Read carefully and I think that you will see that the subtext is not that you may be allowed to retire when you want, but that you will not be allowed to retire until much later. It's, 'back to work you idle septuagenarians, there are chimneys to be swept and it is your fault for not having enough children to send up them when you still could'. And these words chilled me.
The challenge is to think holistically about how we can raise the participation rate and productivity of people at work in general, and of women and persons aged over 55 in particular.Just as I throw off the managerial chains and cry, 'free at last', I glimpse a malign argument that would draft me into the front line of garden tool sales at B&Q. It goes like this. People are living longer, the birthrate has fallen, pensions are becoming unaffordable (other than for failed investment bankers who need to be paid a fortune not to run banks), and people will have to accept that they will have to work a lot longer (especially those damn Europeans with their 'sclerotic' social model).
There are two false arguments lurking here. The first is that longevity is a problem rather than a huge triumph. Low life expectancy is the sign of political and economic catastrophe. A long life is the result of prosperity, so if we are more prosperous why can't we afford to offer a comfortable retirement? Why can people only live off present work rather than the results of their past labours?
Secondly, there is the idea that the only economically productive activity is paid employment. Just look at what people do in retirement (if they have the income). They participate, local government would fall apart without the retired, they join clubs and societies, run small businesses, write books, take part time jobs, do voluntary work here and overseas, make things, mend things, plant gardens and allotments, attend (and teach) adult education classes, whilst some even blog. Many wonder how they ever found the time to fit employment in. They are consumers and producers, not some horrible, wrinkly parasites.
However, that is not the fate of all. I am one of the lucky ones. For some, working beyond retirement age is not a matter of lifestyle choice, a desire to continue with a job they enjoy or a way to stave off boredom, it is a bitter necessity because they are poor. It is enforced and exploitative. Their retirement means that trips to the library are simply way of keeping warm rather than of fulfilling dreams. Life in a damp home, unable to pay the bills, and in increasingly poor health is the fate of millions.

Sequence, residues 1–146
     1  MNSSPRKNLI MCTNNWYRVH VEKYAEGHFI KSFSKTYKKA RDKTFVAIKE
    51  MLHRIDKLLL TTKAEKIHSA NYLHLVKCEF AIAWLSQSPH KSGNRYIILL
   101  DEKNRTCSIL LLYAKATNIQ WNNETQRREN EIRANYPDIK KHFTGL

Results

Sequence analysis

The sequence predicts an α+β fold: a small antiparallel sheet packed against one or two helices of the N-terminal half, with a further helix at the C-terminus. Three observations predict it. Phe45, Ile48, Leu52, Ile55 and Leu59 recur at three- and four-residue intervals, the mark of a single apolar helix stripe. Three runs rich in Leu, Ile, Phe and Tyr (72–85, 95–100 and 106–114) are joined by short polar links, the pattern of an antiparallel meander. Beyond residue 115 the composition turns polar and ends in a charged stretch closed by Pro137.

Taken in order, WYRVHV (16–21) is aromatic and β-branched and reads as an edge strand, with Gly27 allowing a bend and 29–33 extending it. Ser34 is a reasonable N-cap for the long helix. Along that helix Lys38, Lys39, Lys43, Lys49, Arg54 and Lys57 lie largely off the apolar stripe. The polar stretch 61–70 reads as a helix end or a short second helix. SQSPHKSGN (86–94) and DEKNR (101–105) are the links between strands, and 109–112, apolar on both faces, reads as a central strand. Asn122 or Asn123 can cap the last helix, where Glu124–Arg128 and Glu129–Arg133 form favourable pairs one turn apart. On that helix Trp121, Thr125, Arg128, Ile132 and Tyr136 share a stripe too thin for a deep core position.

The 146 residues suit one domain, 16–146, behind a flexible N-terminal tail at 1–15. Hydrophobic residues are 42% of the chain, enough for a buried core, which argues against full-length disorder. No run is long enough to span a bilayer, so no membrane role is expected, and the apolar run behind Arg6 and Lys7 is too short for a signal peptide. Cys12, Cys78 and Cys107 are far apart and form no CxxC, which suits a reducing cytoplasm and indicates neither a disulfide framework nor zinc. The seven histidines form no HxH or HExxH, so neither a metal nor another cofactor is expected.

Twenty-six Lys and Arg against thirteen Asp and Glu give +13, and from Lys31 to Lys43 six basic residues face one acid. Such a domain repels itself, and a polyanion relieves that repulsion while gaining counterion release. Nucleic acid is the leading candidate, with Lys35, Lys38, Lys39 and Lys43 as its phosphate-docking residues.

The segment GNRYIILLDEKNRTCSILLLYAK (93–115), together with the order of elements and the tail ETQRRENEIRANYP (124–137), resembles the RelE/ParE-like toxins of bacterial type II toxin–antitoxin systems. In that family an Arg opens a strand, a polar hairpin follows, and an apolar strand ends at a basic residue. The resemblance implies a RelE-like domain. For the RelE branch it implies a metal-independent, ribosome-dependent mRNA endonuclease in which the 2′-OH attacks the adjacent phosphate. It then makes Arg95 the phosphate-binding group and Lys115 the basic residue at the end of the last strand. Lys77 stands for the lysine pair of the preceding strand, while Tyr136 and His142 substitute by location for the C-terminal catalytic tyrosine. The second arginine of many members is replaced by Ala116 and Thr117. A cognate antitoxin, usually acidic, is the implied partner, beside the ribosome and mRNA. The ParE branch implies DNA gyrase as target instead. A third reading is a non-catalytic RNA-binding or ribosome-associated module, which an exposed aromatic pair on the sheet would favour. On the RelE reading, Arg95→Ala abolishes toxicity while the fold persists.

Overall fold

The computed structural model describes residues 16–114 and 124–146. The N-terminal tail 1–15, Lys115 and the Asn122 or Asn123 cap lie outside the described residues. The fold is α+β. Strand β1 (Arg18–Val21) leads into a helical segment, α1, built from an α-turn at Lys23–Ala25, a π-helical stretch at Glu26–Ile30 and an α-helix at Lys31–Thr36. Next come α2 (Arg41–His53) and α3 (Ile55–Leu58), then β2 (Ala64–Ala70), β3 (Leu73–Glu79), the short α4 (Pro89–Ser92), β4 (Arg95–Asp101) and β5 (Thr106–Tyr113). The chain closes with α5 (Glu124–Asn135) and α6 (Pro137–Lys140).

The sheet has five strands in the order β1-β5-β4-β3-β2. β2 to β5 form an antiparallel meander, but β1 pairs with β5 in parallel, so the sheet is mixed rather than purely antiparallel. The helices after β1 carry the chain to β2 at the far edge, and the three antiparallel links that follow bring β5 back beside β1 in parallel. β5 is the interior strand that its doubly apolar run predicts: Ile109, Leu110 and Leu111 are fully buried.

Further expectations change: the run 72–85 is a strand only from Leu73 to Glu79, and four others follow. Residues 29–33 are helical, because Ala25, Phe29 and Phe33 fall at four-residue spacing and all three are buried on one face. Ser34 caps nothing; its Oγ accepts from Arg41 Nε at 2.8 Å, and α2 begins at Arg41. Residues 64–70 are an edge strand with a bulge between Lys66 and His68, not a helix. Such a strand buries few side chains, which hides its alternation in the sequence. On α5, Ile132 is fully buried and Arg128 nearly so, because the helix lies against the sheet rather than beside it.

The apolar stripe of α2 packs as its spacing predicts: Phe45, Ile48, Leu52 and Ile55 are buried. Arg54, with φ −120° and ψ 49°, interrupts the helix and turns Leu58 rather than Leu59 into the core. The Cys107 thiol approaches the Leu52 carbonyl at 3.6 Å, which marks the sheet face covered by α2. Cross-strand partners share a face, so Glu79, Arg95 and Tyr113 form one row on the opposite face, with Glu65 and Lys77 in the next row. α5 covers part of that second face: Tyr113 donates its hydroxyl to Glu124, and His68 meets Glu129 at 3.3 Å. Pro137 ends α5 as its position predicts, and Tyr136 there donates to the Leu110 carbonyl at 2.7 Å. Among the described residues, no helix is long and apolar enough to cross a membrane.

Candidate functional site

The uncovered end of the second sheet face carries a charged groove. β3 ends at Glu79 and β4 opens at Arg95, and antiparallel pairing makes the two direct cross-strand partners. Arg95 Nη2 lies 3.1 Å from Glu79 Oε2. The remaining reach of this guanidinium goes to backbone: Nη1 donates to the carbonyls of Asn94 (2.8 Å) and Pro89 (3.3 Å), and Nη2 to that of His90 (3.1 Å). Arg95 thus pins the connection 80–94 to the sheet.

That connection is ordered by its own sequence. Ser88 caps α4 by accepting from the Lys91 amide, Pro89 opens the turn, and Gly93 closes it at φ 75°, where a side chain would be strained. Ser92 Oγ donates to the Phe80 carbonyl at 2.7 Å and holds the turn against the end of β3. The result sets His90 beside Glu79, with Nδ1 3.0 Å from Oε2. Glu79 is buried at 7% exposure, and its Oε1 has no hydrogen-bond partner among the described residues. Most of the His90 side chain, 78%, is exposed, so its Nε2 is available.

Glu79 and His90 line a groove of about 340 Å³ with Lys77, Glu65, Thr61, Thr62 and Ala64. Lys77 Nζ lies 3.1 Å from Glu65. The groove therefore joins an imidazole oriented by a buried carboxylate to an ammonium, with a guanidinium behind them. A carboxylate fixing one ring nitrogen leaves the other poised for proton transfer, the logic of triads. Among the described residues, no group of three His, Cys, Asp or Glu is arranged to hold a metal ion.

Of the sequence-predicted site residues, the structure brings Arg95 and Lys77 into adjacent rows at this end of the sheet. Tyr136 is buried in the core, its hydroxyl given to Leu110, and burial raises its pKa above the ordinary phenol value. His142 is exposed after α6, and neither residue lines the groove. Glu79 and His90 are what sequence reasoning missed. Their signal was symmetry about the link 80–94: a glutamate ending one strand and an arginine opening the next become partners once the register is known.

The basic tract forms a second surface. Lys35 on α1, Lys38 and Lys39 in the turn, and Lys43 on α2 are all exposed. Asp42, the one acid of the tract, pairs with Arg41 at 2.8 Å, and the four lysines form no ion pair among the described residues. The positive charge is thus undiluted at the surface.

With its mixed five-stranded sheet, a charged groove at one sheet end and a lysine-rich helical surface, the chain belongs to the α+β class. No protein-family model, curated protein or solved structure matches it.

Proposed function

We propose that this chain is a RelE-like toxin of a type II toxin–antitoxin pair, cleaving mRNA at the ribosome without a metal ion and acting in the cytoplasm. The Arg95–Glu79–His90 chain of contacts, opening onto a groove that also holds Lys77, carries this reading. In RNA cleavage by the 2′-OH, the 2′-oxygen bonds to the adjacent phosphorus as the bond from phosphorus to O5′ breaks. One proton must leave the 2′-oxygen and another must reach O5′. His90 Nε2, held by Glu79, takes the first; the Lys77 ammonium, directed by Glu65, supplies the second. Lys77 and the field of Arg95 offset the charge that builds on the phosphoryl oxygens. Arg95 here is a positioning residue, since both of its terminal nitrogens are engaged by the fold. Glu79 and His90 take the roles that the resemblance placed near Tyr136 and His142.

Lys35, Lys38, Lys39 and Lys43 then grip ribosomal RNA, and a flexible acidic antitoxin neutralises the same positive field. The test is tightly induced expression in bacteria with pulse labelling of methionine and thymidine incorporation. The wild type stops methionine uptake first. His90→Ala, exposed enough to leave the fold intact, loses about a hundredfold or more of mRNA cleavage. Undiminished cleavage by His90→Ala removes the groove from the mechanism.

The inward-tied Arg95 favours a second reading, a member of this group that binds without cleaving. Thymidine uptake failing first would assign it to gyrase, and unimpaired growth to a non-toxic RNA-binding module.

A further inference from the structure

What we are really talking about is the language of political priorities, not economic necessity, and of how we distribute wealth. It is back to that word 'choice' again. Do we choose to fund pensions, devote a larger proportion of national wealth to sustain older people in retirement, to maintain company pension schemes? Or do we bow to the gods of lower taxes and higher profits? The advocates of longer working lives are not posing this as a benefit for people who wish to continue working, but as an alternative to redistributive and egalitarian pensions policies.
The dream of technology and growing prosperity was that it would liberate (yes, liberate) us from employment and open up leisure time for creative work, lifelong learning and simple pleasures. Where has that vision gone? Isn't it time we should rethink working life as a whole. How about sabbaticals and paid educational leave? After all, sometimes retirement is wasted on the old. Instead we are fed apocalyptic gloom about a world populated by useless wrinklies, generating "financial stress for individuals and the state, rising pensioner poverty, social dislocations and the possibility of intergenerational conflict".
Rather than a lifetime locked into servile and alienated employment with little dream of freedom beyond, can't we just enjoy ourselves instead? That is the choice I would make.